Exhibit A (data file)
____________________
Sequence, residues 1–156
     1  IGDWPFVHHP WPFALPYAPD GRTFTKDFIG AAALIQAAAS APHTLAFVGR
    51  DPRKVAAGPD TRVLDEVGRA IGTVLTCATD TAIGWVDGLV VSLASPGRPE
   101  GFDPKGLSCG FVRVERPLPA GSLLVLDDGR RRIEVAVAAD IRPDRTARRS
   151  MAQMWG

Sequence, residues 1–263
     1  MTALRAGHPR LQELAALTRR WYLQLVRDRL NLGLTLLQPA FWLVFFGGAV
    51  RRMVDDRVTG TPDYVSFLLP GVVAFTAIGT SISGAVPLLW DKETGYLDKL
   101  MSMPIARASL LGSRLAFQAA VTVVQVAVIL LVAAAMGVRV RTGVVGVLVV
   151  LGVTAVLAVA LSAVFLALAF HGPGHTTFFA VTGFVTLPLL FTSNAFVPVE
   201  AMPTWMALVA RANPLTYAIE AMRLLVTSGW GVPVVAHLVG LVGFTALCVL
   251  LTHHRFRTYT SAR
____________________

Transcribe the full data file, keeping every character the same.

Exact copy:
Sequence, residues 1–156
     1  IGDWPFVHHP WPFALPYAPD GRTFTKDFIG AAALIQAAAS APHTLAFVGR
    51  DPRKVAAGPD TRVLDEVGRA IGTVLTCATD TAIGWVDGLV VSLASPGRPE
   101  GFDPKGLSCG FVRVERPLPA GSLLVLDDGR RRIEVAVAAD IRPDRTARRS
   151  MAQMWG

Sequence, residues 1–263
     1  MTALRAGHPR LQELAALTRR WYLQLVRDRL NLGLTLLQPA FWLVFFGGAV
    51  RRMVDDRVTG TPDYVSFLLP GVVAFTAIGT SISGAVPLLW DKETGYLDKL
   101  MSMPIARASL LGSRLAFQAA VTVVQVAVIL LVAAAMGVRV RTGVVGVLVV
   151  LGVTAVLAVA LSAVFLALAF HGPGHTTFFA VTGFVTLPLL FTSNAFVPVE
   201  AMPTWMALVA RANPLTYAIE AMRLLVTSGW GVPVVAHLVG LVGFTALCVL
   251  LTHHRFRTYT SAR